CJR’s managing director, Mark Russell, discusses how CJR’s ten-year strategy is progressing and the difference its investments have already made.
If you’d asked me eight years ago to predict where CJR would be in 2017, my response wouldn’t have come close to encapsulating the journey the business has been through. Back then, in 2009, the world was still very much in the throes of a global recession and, after several years of growth, the marine industry was starting to contract. Orders were being cancelled or postponed, yards were disappearing and prices were being driven down. We knew we had a quality product but we needed to create a bigger point of difference between ourselves and our competitors if we were to prosper.
It was around this time that we made the decision to reposition the business – to put a metaphorical stake in the ground and say: ‘CJR Propulsion will be the world’s most technologically advanced propulsion specialist’. We will be the experts, dedicated to offering advanced design and manufacturing capabilities, and backed by technical understanding and detailed analysis, not simply experience and a ‘good eye’. We wanted to be unrivalled in the marketplace. It was an easy thing to say but a much harder idea to truly accomplish.
Not long after this realisation, and full of optimism for CJR’s future, we met with the University of Southampton’s Fluid Structure Interactions Research Department to discuss how we could form a partnership to utilise Computational Fluid Dynamics (CFD) in our design and manufacturing process.
The basic premise of CFD involves using numerical methods and algorithms to perform the complex calculations required to simulate and understand the interactions between a vessel’s hull, its appendages and the water. But those calculations involve literally millions of equations and it’s not something you can do half-heartedly. Our entry into CFD was certainly no half measure. Within 12 months we had a dedicated, in-house CFD department, with a super computer developed and built in-house, and our own bespoke software to enable us to analyse and solve challenges relating to fluid flows. Today, CFD is central to our business, enabling us to predict the non-uniform ow into the propeller plane. Without this, it is impossible to design and optimise the propeller accurately. We have carved a reputation as one of the best in the world through our understanding and experience in CFD, and CJR is the only propulsion business to offer such services to its customers in-house.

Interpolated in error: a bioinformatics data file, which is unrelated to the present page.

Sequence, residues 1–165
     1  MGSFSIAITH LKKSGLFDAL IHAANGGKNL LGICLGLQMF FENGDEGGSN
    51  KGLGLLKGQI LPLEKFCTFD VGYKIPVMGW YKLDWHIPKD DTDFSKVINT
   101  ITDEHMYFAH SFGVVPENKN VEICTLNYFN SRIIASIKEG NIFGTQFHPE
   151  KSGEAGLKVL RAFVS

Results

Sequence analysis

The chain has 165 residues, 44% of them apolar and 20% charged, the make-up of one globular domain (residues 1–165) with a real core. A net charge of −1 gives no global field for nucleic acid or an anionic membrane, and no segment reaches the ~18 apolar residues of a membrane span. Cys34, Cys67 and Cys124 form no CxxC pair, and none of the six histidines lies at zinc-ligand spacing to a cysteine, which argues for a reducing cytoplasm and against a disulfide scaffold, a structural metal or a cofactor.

Following the success of our CFD activity, we reviewed every stage of our design and manufacturing process in order to understand where the latest technology could make a positive difference. Several large investments followed, including a robotic finishing tool, which remains the only one in the UK, and a bespoke ‘ five-axis’ CNC machining centre that makes light work of producing multiple parts in a single set-up. Collectively, these investments – and the trained personnel who operate them – radically improved the performance of our propellers and removed much of the manual finishing requirement, which had been the standard industry approach for over 100 years.
For our customers, these pieces of equipment ensure 100 per cent adherence to the original design, with total repeatability for production vessels. Combined with CFD and you know you have a propulsion set up that has been designed specifically for the vessel in question, using its real hull form to identify the optimal appendage position and to maximise speed, efficiency and longevity, whilst reducing or removing vibration and cavitation.
Next on our list of objectives was finding a way to demonstrate, with certainty, the difference our evidenced- based approach was making on the water. To achieve this, we needed a portable data acquisition system, which allowed stats to be collected, even in rough sea conditions. Existing marine technology relied on on-board instruments but that didn’t tell the whole story and didn’t give us the detail we wanted. As a result, we decided to take a different approach and turned to the technology used to gather flight data from unmanned aerial vehicles (UAVs). Another first for the marine industry.